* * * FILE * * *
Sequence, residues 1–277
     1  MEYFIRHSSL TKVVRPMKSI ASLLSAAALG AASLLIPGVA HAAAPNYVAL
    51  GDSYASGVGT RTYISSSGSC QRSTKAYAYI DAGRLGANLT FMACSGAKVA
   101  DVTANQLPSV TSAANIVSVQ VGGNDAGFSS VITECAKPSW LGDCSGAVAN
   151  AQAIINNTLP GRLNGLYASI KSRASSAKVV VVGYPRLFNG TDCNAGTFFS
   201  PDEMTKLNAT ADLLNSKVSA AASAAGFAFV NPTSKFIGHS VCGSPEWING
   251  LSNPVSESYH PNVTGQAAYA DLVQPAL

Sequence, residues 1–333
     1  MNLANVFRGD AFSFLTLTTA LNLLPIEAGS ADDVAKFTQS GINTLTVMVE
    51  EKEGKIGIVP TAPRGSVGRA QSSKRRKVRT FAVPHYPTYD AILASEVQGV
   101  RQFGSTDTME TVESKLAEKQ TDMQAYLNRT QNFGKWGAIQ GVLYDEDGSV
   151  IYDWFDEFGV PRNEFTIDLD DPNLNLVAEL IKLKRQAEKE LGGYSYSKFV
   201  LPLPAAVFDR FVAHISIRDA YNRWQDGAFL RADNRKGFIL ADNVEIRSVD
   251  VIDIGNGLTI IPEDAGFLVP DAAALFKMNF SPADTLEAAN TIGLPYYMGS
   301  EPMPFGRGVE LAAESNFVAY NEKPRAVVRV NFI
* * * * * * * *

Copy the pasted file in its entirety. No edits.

Sequence, residues 1–277
     1  MEYFIRHSSL TKVVRPMKSI ASLLSAAALG AASLLIPGVA HAAAPNYVAL
    51  GDSYASGVGT RTYISSSGSC QRSTKAYAYI DAGRLGANLT FMACSGAKVA
   101  DVTANQLPSV TSAANIVSVQ VGGNDAGFSS VITECAKPSW LGDCSGAVAN
   151  AQAIINNTLP GRLNGLYASI KSRASSAKVV VVGYPRLFNG TDCNAGTFFS
   201  PDEMTKLNAT ADLLNSKVSA AASAAGFAFV NPTSKFIGHS VCGSPEWING
   251  LSNPVSESYH PNVTGQAAYA DLVQPAL

Sequence, residues 1–333
     1  MNLANVFRGD AFSFLTLTTA LNLLPIEAGS ADDVAKFTQS GINTLTVMVE
    51  EKEGKIGIVP TAPRGSVGRA QSSKRRKVRT FAVPHYPTYD AILASEVQGV
   101  RQFGSTDTME TVESKLAEKQ TDMQAYLNRT QNFGKWGAIQ GVLYDEDGSV
   151  IYDWFDEFGV PRNEFTIDLD DPNLNLVAEL IKLKRQAEKE LGGYSYSKFV
   201  LPLPAAVFDR FVAHISIRDA YNRWQDGAFL RADNRKGFIL ADNVEIRSVD
   251  VIDIGNGLTI IPEDAGFLVP DAAALFKMNF SPADTLEAAN TIGLPYYMGS
   301  EPMPFGRGVE LAAESNFVAY NEKPRAVVRV NFI